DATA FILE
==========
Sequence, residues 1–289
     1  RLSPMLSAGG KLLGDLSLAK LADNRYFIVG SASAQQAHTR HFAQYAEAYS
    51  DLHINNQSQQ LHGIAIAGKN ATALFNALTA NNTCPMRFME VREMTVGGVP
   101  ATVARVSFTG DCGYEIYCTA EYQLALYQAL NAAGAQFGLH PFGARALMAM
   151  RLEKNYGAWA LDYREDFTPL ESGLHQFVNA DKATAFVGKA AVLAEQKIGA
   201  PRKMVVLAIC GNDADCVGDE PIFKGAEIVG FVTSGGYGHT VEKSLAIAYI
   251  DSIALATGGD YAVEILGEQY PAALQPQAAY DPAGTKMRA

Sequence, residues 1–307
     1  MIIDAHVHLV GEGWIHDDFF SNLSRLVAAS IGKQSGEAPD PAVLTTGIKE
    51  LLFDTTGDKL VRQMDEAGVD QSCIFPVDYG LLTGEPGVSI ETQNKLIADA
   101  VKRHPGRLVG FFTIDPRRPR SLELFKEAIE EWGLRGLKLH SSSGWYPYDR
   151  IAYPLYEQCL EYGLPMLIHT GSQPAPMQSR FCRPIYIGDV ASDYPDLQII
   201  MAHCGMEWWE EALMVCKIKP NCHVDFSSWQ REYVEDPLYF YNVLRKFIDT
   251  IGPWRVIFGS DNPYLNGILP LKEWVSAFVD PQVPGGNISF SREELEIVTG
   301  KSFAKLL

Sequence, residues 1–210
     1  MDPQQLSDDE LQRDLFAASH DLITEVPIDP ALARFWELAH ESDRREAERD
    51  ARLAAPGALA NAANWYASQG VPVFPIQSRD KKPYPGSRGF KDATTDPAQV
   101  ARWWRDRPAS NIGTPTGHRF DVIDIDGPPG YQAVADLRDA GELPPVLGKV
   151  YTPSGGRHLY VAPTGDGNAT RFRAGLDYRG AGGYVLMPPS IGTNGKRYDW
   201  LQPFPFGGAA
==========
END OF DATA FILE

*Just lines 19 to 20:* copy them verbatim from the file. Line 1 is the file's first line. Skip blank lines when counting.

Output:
   101  ARWWRDRPAS NIGTPTGHRF DVIDIDGPPG YQAVADLRDA GELPPVLGKV
   151  YTPSGGRHLY VAPTGDGNAT RFRAGLDYRG AGGYVLMPPS IGTNGKRYDW